How do the Beckhams feel about him taking their picture ?‘ It was hard to get them approved,’ he says wryly .‘ Took bloody ages. Most times, I’m secretive about taking them. If my mum sees me taking a picture, she kind of poses and stuff, and I don’t really like that.’
He say she carries his camera ‘ever y where – I never turn it off’ – which must be disconcerting for his friends and family. ‘None of my photos are set. I like using natural light. That’s why Steven Meisel is one of my favourites – when he uses natural light. It’s harder than a studio.’
The book shows just how much Brooklyn has travelled, with lush shots of New York, Los Angeles and Kenya, and some stunning scenic shots of Iceland .‘ I loved Iceland ,’ he says dreamily. ‘The views were insane. It was crazy. We went salmon fishing.’
Was that a family holiday, I ask, imagining Victoria in galoshes, a rod in one hand and a maggot in the other. ‘One of Cruz’s friends is Icelandic. We went to visit them, and they showed us how to salmon fish. I didn’t catch anything, but it was fun.’
Though he won’t rule out doing more fashion photography in the future, Brooklyn prefers reportage. ‘Lately, I’ve been going to Camden and… I know this sounds bad, but I don’t ask people if I can take their photo. I just go up in their face, because you get their proper reaction. But some get mad. Like, if they see me pointing [my camera] at them, they kind of move to the side. People get really weird about it. I don’t know why.’ Partly as a way of engaging him – and partly, I admit, as a way of testing how much he knows about his subject, I ask whether he gets quite nerdy about his lenses. ‘Very nerdy,’ he says. What’s his favourite? ‘My dad got it for me for my birthday… the 50 mm. It goes down to a 0.95 which means you can literally shoot in the dark,’ he says. ‘It’s such a hard lens to get. You can shoot at night and see the stars and stuff.’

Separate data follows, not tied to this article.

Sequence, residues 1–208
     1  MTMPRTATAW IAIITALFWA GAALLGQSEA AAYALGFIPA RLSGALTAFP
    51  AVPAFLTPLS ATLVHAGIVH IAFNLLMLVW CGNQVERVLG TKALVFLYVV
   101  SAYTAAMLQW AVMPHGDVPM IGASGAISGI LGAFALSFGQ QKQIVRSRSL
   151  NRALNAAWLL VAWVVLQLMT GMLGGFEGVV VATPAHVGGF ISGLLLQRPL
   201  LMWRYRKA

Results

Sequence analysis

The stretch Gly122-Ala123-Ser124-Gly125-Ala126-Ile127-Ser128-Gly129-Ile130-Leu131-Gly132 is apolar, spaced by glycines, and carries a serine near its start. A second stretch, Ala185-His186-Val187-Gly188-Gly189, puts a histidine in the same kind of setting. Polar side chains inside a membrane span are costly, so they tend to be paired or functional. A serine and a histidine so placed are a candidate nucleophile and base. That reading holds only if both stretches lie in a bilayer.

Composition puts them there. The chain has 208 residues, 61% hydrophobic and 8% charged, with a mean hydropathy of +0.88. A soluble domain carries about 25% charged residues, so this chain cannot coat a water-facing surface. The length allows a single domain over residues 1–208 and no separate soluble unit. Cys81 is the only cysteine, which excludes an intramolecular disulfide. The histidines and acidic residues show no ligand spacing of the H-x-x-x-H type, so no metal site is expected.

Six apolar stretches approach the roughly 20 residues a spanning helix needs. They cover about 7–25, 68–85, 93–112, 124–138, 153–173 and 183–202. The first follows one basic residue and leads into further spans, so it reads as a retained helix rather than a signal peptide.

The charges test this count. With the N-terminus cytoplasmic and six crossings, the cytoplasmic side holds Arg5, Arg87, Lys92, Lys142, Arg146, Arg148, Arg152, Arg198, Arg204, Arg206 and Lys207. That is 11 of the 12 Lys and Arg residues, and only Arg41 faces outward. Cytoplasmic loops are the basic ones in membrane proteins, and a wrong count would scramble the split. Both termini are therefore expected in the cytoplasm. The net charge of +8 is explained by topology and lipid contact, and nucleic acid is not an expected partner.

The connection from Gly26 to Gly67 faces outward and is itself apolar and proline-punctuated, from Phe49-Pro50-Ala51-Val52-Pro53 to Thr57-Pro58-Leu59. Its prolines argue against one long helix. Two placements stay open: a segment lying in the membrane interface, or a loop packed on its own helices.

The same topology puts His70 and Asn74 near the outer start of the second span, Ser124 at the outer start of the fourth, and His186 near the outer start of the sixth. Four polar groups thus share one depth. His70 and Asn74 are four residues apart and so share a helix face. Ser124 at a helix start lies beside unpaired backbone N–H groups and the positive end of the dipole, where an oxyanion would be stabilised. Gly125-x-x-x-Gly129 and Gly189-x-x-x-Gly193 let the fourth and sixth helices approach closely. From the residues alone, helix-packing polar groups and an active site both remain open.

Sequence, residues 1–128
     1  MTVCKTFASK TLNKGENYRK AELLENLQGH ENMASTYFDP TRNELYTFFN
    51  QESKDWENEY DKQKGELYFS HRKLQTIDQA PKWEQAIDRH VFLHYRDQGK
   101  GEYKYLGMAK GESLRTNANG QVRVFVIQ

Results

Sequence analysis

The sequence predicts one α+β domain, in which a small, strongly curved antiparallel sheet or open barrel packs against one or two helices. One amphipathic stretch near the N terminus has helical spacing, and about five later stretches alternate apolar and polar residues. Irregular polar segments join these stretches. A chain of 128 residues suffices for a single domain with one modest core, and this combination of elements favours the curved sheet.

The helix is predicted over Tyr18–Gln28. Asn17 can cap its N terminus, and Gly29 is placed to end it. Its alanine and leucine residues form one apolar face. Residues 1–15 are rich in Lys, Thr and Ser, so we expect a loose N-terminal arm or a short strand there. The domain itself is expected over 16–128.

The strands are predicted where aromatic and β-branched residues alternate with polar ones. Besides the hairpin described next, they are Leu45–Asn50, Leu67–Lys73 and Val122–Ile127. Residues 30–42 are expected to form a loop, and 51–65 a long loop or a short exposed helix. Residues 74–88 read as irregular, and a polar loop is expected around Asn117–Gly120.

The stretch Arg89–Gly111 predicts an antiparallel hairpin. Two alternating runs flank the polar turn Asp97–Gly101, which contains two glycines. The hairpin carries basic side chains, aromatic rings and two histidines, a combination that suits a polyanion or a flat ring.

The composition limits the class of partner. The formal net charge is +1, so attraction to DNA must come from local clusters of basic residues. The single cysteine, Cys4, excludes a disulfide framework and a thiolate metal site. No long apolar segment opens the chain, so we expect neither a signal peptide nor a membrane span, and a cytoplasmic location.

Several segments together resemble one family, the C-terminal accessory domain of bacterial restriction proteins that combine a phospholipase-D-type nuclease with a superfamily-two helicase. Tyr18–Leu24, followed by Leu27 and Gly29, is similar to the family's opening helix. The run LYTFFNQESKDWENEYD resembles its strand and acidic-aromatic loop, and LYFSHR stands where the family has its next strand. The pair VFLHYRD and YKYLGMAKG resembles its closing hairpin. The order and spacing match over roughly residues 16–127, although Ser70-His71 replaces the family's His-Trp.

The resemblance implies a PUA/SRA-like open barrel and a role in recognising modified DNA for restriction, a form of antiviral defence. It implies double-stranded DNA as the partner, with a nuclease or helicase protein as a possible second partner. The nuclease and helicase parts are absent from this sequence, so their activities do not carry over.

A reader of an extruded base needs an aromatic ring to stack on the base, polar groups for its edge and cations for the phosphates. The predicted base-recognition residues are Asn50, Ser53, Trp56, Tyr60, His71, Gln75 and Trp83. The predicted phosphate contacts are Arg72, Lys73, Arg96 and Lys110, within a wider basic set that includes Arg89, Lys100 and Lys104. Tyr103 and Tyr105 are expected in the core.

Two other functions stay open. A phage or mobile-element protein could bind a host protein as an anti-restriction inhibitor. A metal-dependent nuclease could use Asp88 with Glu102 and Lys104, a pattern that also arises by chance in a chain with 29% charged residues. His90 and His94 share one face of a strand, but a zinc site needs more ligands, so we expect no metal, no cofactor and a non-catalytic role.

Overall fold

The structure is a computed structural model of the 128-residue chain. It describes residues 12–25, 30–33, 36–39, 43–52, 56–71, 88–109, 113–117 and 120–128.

Is he one of those photographers who treat their cameras like newborn babies, and won’t let anyone else touch them?
‘Um… yes and no. But I really do look after them.’
So he wouldn’t let any of his friends have a go?
‘No ,’ he says quickly .‘ Well, it depends. Like, I only have two mates I can trust. With my camera, I mean. I don’t let just anyone use my camera.’
What about his family? Has anyone ever broken his equipment?
‘O of !’ he says .‘ Well, it was an accident. But on holiday, at Christmas, me and my brother were sit-
‘I feel people will respect me more now that I’m moving to New York’
ting on the front of a speedboat. And I was sitting on a towel, and my camera was in between my legs. I turned to the side of the boat, and then my brother got up and the towel went up and my camera fell into the ocean.’ Oof, indeed. Which brother? Name and shame! ‘Cruz. He was devastated.’ He says he loves taking pictures of his family. ‘Especially my little sister,’ he beams.